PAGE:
The Plan

Image: A maze of hedgesBy Frank Moher

As we enjoy, if that’s the word, the second summer of the Harper majority, I’m pleased to say The Plan is working. The Plan, of course, is the one I hatched back when I was working at Alberta Report in the 1980s. AR, some of you will know, was the conservative newsweekly that first cheer-led for the Reform Party, and in particular such principals of it as Preston Manning and Tom Flanagan and Stephen Harper, and so set in motion the bandwagon that is your federal government today.

You may have noticed that takes a pretty lefty view of things, and particularly of that government. That’s because, as its editor, I am trying to aright my karma. Wish me luck.

At the time, working in the bowels of Canadian proto-conservatism, I formed the idea that Canada would have to go through a period of enduring something very like the current Harper government before it could emerge, on the other side, a better country. I had already reckoned with the shortcomings of those forming Reform — their fanaticism, their (largely) circumscribed world view, their limited intellectual curiosity (limited mostly by the fact that everything could ultimately be explained with one word: “God”), their meanness, and the fact that, confronted with facts and ideas that contradicted their own views, their final resort was usually to stick their fingers in their ears and sing “La-la-la.” It wasn’t pretty.

But I also firmly believed that the nation’s regional imbalances needed fixing, and that the only people who were likely to do so were the shitkickers from Calgary. Hence, The Plan: They would take Ottawa, disassemble the country in its current form — the one that, among other things, kept westerners at the margins — and then eventually crash-and-burn, as all governments eventually do. At which point they would be succeeded by a party on the left, or at least a less radical one, but in a reformulated federation. That part of “reform” I could get into.

I probably don’t need to point out that my Plan was shared by no one and required nothing of me other than to sit back and watch it supposedly unfold. And I can’t say that it is working out one hundred per cent. But I can say it is working out quite a bit better, and much more quickly, than I imagined.

Here we are, just 14 months into the Harper majority, with the Conservatives’ poll numbers way down everywhere except Alberta (natch), and the NDP turning out not to be just Jack’s party, particularly on the surprising strength of its numbers in Newfoundland and Labrador. Excellent work, everyone-except-Alberta!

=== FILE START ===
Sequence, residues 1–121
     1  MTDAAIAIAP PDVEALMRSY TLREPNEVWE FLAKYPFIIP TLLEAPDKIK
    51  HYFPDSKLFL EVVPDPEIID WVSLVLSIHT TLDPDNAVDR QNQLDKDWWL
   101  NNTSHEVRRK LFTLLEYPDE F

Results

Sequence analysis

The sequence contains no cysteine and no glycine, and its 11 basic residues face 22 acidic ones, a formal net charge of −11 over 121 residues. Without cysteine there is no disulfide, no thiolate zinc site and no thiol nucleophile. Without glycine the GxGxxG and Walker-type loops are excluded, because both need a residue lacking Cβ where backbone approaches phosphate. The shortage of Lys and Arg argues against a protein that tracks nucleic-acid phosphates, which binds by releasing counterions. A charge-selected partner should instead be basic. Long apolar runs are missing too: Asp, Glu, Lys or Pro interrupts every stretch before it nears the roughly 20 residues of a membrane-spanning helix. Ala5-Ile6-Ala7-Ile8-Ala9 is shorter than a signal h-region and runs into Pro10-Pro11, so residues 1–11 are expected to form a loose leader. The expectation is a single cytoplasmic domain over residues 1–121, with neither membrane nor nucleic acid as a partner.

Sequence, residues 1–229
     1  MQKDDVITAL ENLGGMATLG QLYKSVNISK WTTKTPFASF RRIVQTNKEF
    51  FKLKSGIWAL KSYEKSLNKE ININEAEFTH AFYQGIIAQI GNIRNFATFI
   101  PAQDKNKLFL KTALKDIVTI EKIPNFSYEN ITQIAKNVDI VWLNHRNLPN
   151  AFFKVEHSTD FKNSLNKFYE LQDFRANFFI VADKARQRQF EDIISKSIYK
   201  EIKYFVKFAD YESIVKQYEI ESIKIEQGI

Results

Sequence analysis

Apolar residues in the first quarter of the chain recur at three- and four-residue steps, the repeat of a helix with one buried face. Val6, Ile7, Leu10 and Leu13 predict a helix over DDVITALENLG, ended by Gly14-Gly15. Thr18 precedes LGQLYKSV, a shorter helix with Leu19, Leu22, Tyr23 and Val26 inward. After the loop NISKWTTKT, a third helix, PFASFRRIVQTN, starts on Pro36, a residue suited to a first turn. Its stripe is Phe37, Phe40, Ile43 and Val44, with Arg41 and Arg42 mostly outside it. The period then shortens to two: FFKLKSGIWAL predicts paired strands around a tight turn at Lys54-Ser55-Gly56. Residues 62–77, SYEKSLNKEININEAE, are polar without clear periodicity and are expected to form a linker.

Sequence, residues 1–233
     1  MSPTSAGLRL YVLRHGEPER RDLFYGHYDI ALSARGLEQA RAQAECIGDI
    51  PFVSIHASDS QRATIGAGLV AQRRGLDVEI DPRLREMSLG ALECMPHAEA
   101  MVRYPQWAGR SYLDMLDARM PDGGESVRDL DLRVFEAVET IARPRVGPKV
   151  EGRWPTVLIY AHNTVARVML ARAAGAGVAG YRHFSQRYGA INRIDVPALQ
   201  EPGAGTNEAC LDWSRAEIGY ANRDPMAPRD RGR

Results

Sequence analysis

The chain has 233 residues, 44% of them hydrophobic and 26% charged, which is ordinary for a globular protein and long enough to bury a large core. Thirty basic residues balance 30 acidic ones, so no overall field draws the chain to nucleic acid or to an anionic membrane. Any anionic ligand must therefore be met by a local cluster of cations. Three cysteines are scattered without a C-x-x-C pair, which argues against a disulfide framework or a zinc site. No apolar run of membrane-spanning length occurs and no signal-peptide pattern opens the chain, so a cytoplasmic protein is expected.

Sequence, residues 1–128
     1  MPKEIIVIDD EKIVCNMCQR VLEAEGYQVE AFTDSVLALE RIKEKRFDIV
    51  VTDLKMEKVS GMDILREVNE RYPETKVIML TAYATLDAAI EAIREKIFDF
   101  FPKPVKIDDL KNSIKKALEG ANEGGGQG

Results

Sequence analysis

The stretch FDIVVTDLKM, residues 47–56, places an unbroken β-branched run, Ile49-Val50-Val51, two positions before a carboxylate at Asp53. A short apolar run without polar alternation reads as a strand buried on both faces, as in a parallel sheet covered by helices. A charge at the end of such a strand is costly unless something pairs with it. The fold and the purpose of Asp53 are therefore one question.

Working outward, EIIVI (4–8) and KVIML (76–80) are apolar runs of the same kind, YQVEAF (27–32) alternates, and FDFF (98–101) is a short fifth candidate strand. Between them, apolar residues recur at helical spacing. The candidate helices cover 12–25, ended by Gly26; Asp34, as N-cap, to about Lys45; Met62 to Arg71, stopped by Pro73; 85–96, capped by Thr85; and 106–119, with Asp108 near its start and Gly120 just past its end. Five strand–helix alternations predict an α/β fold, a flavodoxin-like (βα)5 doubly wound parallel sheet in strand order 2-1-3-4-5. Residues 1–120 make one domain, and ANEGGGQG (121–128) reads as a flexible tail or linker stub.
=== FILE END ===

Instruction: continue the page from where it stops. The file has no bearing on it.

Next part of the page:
And this isn’t just because of the Conservatives’ ineptitude, but because at the same time they — or at least the PMO — have also been impressively adept, ramming through the omnibus Bill C-30, which caused Canadians across the country to finally take stock of what they are up to, and react accordingly.

It’s true that they have not exactly deconstructed the federal apparatus in the way I had hoped for. Indeed, once the standard-bearer for Senate reform, the Prime Minister has more recently become a lusty proponent of its partisan potential. (I was going to call him a “Senate whore,” but that would be crass.) But he does still have plans to overhaul it sub-rosa. He has devolved some significant powers to the provinces, especially in health care. And, for the ultimate realization of The Plan — which is that these guys be chased from office once they’ve done as much as they can to decentralize Canada — it doesn’t matter if they’re really tearing the country to pieces; it only matters that people think they are. (What they’re really tearing apart are certain longstanding social covenants. But those can be reconstituted.)

So, as I say, things are coming along nicely. What I didn’t anticipate back in the day, however (and certainly nobody else would have either, had I actually discussed The Plan with anyone), was that it would be the NDP, not the Liberals, waiting in the wings to form the next government. Back then, the idea of the NDP taking power in Ottawa was just something that pleasurably interrupted the sleep of a handful of social democrats. Now it’s a real possibility. And the Liberals, god bless ’em, are doing their bit by actually considering Justin Trudeau to lead their party — an idea which, in its reckless desperation, brings back memories of Kim Clark and the destruction of the old-school Tories.

The more things change, the better they get. It would be nice, however, if the NDP didn’t screw up The Plan between now and 2015. So in part deux of this post, and before backofthebook goes on its usual summer hiatus, I’ll explain the various ways in which they might.

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